Jared Sibbit has already been in Haiti twice in 2006 and 2011. However, volunteering with Haiti
Air Ambulance as part of the HAA volunteering program, makes him fell more useful to the
country. After trying many other fields, he has set his sights on medical field.
Haiti Air Ambulance: Can you introduce yourself with all the possible details (family,
hobbies, background, and so on…)?
Jared Sibbitt: My name is Jared Sibbitt, and I am a flight nurse from Bigfork, Montana. My
wife is also a nurse, and we have two young sons, and together we enjoy traveling and exploring
HAA: Can you tell us more about your meeting with medical field and why have you
chosen to do career?
J. S.: I came late to becoming a nurse, having tried many other lines of work previously:
firefighter, bar tender, teacher, outdoor guide, and plenty of others. After volunteering in Sri
Lanka from the tsunami in 2004, I felt a need to develop more professional skills that would
actually be helpful to people. After a great deal of thought, I chose nursing, and remembering the
example of a flight nurse who had been an instructor of mine, I pursued flight from the
beginning. It only took me 10 years to accomplish that goal!
HAA: It is your third trip to Haiti, tell us about your emotion that time and the difference
between the previous ones?
J. S.: On one hand, it was nice being back in a familiar place, and Port-au-Prince looks much
better now than it did when I was last here in 2011. At that time the devastation from the
earthquake and cholera were the big problems, compared to when I was here in 2006 during the
UN occupation and elections…at that time political turmoil felt like the big issue. These days, it
feels like progress and improvement is made in some areas in small ways, but then new and old
problems come back up again…I still have friends in Haiti from 16 years ago and I worry about
them and their families and worry about the future of the country, even as I am so inspired and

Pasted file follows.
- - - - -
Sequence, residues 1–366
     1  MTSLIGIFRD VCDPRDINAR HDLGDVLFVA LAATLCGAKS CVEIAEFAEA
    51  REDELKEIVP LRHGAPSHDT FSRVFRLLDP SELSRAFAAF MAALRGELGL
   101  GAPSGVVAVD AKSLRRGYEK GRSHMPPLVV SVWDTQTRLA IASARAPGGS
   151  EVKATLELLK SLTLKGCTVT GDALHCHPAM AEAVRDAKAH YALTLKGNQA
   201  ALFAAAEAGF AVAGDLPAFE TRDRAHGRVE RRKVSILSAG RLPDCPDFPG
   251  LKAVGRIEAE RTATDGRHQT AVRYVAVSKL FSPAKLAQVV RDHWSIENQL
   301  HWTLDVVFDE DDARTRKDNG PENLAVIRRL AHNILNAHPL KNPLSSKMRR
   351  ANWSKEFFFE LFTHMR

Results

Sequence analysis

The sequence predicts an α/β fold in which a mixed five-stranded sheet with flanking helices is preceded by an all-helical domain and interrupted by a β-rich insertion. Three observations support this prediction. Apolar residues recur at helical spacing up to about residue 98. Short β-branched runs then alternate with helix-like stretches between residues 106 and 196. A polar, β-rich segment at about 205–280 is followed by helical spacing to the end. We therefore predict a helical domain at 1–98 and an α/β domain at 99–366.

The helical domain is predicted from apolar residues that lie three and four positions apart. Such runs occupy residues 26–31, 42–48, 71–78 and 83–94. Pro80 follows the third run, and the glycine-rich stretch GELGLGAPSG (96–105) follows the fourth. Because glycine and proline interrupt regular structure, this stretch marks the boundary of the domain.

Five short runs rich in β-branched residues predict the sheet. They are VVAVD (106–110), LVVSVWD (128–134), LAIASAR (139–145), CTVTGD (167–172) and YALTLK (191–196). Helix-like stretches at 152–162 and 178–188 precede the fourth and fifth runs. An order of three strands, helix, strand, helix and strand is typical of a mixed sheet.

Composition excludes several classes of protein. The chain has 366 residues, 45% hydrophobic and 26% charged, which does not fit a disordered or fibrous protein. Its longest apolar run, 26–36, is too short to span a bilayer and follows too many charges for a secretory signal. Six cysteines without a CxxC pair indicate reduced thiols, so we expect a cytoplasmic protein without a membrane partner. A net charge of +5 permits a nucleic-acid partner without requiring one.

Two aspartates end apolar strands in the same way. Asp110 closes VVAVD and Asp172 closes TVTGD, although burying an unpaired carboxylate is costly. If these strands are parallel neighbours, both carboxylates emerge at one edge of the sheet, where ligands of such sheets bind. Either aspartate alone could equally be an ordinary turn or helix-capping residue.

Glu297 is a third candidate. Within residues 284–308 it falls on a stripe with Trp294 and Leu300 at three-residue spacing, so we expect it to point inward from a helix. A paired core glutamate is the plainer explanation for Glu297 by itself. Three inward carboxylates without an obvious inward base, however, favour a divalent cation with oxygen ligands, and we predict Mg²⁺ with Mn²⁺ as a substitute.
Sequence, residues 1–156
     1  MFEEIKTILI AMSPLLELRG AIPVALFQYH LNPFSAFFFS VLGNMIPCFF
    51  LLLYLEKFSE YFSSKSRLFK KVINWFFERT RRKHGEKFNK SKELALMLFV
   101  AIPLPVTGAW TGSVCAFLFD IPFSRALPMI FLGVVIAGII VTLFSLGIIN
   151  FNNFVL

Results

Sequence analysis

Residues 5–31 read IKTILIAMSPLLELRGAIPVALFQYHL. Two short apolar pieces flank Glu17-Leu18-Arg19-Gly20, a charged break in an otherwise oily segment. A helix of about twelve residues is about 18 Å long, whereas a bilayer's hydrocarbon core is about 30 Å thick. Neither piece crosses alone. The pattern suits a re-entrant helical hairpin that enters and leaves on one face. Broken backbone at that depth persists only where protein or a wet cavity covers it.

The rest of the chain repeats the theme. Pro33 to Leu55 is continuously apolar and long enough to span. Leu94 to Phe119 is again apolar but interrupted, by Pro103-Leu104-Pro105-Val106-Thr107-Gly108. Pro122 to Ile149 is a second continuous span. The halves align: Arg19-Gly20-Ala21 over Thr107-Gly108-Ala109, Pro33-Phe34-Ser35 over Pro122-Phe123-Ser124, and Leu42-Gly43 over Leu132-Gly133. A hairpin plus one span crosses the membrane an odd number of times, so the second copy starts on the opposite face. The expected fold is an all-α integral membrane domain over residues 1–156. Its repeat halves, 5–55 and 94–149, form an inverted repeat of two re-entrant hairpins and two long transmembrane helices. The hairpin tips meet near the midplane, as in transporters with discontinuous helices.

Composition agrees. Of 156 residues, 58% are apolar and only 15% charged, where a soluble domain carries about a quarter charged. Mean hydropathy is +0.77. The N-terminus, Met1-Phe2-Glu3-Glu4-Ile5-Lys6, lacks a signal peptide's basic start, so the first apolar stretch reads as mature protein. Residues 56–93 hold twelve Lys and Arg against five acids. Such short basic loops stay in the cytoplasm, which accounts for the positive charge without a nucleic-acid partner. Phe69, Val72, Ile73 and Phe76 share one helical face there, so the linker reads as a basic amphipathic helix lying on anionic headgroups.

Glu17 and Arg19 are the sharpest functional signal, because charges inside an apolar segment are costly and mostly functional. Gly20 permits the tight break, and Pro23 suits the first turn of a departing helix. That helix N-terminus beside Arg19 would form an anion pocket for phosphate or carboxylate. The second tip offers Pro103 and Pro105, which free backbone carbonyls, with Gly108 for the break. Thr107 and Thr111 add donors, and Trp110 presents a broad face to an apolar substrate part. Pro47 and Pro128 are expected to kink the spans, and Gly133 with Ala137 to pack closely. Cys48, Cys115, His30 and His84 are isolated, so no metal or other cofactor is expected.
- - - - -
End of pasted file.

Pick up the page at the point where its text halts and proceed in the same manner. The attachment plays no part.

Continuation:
filled with hope to see the new kinds of work being done here. In the old days, charitable
organizations from the US, Canada, France would come in for a little while with a bunch of
money and try and change things. Nowadays, groups like HAA aren’t trying to buy change,
instead they are investing in the future of Haiti by building human infrastructure, increasing the
capacity of Haitians to do good things for themselves and their communities without relying
exclusively on foreign aid. That is exciting to see.
HAA: What differences have you made between flying in the US and in Haiti in terms of
LZ, types of patients, treatment providing during a flight and delivery process?
J. S.: Well, I was surprised at how busy HAA is, pretty much flying all day while I was here
when we were operational. And it is a daylight only operation, which was different for me. A
few differences in protocols, simply because of the different patient and receiving facilities,
especially regarding airway management. Tetanus prophylaxis, clot busters for
STEMI…Otherwise, I was struck more by how much there is in common flying in Haiti vs flying
back home. Perhaps it is because my home program is in rural Montana, but much of the issues
with LZ security, tiny referring facilities, incomplete dispatch information, these seem to be
universal issues everywhere, and it actually made me feel better realizing how much our
programs have in common.
HAA: Can you share your level of satisfaction during your stay regarding your expectation
J. S.: I knew a few people who had flown with HAA before I came down, so I had some idea
what to expect. That said, it was easy, just show up, go with the flow, and be ready to work! I
have nothing to complain about.
HAA: Why would you come back to volunteer with HAA again?
J. S.: I would like to come back for a couple of reasons: it is exciting to see the hope for a
brighter future for Haiti evolve and you just can’t get that some feeling and perspective from
back home, no matter how much you watch the news. Also, even though much of the flying and
medical care is similar to what I do at home, there is the possibility of seeing and treating patient
types that I just don’t get very often, or at all, back home and that helps me grow as a
professional and keeps the work interesting.